Just like anything else in life, not all activities have noble intentions on the Dark Web.  Silk Road was perhaps the most infamous online marketplace hosted on the Deep Web.  It was possible to buy and sell anything anonymously on this online marketplace, it was like going on ebay to buy any type of illegal drugs, firearms or even order an assassination.  At it’s peak in early 2013 the site had 10,000 listings, around 70% of which were for drugs.  Various US  law enforcement authorities spent years trying to trace the operator of this website until finally in October 2013, Ross William Ulbricht was arrested on suspicion that he was running this website after an undercover FBI agent lured Ulbricht to do business in the open and not on the dark web itself.  The FBI managed to seize around 28 million dollars in bitcoins from Ulbricht’s residence, however due to the anonymous nature of the technology used, the FBI are finding it very difficult in court to prove any connection between the alleged owner of silk road and his operations.  Legal experts are expecting a not guilty verdict tough it is expected that Ulbricht will receive a prison sentence for not declaring and paying any taxes on the millions of dollars he managed to acquire in the last years.  Many are drawing comparisons to Al Capone, the 1930s Mafia Boss who was only indicted for not paying any taxes.

However just like in real life, taking out one drug kingpin only makes space for another one ready to fill in the void and within a few days of silk road being taken down a new website took it’s place on the deep web called Agora offering basically the same services, to this day it’s still operating.
The Deep Web is not just home for crooks tough, it is also home for heroes.  Fernando Caudevilla, a Spanish medical doctor known online as DoctorX is one of the many Deep Web inhabitants.  He has set up a website providing immediate replies and provides help to drug users.   He is very respected and sought after in this community and he is credited with having saved thousands of people around the world who have overdosed and refused to go to hospital to seek emergency medical help because of fear they might end up having to face the legal system afterwards.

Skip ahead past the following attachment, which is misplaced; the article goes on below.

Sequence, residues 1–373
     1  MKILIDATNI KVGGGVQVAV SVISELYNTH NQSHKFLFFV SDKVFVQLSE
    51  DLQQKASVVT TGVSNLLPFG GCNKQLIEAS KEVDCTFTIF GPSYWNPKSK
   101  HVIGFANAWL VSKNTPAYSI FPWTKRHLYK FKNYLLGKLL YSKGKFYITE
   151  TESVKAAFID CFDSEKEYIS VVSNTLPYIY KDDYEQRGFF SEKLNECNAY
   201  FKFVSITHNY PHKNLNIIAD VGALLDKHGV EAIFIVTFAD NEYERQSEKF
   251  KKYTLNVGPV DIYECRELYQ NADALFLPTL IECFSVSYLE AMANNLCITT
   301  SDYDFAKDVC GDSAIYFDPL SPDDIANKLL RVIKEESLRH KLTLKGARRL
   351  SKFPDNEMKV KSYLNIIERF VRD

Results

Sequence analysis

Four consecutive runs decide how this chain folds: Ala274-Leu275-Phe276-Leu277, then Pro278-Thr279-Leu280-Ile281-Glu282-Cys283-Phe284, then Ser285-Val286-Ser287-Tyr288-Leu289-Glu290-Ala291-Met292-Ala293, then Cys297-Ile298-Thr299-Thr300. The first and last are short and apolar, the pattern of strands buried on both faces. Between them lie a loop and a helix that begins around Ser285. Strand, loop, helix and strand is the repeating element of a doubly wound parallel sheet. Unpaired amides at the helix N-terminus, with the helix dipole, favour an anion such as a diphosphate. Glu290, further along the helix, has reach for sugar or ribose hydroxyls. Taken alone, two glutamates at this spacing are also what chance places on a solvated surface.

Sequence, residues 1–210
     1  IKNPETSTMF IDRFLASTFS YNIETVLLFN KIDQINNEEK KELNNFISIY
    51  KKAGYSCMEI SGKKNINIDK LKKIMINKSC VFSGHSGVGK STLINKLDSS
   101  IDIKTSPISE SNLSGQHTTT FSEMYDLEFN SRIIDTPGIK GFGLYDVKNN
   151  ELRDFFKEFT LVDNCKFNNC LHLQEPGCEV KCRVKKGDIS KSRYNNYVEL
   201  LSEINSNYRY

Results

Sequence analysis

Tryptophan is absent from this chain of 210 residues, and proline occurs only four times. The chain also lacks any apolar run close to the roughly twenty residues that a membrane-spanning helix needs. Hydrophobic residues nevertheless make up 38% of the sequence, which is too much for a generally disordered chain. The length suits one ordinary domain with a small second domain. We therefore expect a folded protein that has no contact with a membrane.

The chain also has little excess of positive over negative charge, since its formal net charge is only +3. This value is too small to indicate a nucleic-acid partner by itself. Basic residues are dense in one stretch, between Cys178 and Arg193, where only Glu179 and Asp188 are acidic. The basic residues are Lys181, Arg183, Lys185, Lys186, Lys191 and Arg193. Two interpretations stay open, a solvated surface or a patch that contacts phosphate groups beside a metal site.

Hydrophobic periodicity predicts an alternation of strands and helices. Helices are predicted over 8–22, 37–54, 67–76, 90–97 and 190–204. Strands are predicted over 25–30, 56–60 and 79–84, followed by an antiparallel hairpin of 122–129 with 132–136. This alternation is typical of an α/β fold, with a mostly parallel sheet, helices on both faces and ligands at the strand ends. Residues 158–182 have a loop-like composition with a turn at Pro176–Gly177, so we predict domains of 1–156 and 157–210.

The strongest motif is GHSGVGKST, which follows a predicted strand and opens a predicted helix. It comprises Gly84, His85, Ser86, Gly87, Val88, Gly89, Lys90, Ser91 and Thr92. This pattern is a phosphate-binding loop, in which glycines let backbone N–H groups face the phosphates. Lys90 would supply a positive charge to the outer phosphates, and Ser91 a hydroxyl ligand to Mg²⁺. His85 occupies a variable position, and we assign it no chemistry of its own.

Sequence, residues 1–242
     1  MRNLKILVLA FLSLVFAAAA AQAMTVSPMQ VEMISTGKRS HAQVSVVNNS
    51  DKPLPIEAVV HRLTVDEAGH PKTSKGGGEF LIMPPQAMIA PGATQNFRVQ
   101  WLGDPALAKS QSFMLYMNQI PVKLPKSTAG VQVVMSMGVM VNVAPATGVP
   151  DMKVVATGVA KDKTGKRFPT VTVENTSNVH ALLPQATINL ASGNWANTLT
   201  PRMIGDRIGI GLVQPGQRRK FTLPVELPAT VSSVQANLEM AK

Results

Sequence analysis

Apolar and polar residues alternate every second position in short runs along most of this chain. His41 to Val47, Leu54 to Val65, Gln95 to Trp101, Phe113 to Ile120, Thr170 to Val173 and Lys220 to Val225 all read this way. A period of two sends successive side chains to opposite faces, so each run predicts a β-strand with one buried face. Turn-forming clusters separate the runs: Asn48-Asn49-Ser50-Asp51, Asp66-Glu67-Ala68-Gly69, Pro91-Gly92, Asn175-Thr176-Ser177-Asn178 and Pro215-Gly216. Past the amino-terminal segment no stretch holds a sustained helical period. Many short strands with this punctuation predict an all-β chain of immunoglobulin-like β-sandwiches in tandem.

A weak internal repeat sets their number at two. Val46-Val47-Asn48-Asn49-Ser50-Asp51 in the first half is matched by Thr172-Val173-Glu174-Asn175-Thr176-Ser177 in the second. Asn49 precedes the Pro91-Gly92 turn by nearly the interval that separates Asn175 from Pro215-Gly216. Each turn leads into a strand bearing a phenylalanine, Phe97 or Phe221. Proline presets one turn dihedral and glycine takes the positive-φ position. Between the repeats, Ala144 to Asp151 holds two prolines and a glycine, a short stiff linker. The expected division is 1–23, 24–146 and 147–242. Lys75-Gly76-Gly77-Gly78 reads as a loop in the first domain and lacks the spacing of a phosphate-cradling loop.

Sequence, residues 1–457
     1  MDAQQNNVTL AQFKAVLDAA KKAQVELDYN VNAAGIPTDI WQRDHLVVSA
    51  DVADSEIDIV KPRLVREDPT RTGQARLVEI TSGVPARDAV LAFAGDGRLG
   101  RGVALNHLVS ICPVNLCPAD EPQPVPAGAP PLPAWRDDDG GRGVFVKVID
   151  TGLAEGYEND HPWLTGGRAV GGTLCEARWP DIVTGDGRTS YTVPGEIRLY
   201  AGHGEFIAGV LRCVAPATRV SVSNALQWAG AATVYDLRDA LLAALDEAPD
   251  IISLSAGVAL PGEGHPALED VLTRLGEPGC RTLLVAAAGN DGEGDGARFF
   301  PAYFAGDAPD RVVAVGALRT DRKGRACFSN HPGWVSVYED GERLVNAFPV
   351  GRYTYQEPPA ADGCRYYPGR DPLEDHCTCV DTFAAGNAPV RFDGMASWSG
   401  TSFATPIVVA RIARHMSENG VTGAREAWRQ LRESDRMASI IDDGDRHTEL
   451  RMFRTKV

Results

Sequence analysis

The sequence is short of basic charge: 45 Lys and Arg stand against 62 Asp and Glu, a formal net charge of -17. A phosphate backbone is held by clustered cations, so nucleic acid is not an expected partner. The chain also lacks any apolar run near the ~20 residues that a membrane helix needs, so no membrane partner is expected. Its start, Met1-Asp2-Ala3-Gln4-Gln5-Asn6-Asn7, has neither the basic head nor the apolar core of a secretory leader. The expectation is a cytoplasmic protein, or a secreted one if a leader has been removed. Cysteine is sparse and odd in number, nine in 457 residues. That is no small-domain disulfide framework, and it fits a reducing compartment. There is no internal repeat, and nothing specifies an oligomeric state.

A lone anonymous hacker calling himself by the pseudonym Intangir is doing something which many law enforcement agencies all around the world are incapable to do because of lack of technical expertise.  This hacker is finding online pedophile rings and one by one is shutting down these websites.  He is also stealing credit card and data which could lead to expose these pedophiles.  His twitter account gets flooded with praise whenever a bust is made, however he has also attracted enemies who have publicly posted million dollar bounties to be paid to anyone who is able to reveal his identity.  Intangir says that he is not afraid of this as he is quite sure that thanks to the Deep Web no one will ever be able to trace his online identity back to his real life and he is able to continue going to work, play with his children in parks and continue with his everyday life just like everyone of us whilst at night he turns into an online vigilante a virtual Batman if you like, delivering his own justice in a place where law enforcement is practically non-existent and toothless.

Even though the Dark Web is a lawless place, it’s still governed by moral ethics and we can conclude that after all it’s not a completely sinister place at all.  It can after all be described as a very colorful space.

Original article published on the Sunday Times (Tech-Sunday supplement) on the 19th October 2014:

Copyright notice : This article was written by Ian Vella and published on the Sunday Times of Malta.  Copyright may be shared between the mentioned author and entities.  Please do not republish without permission.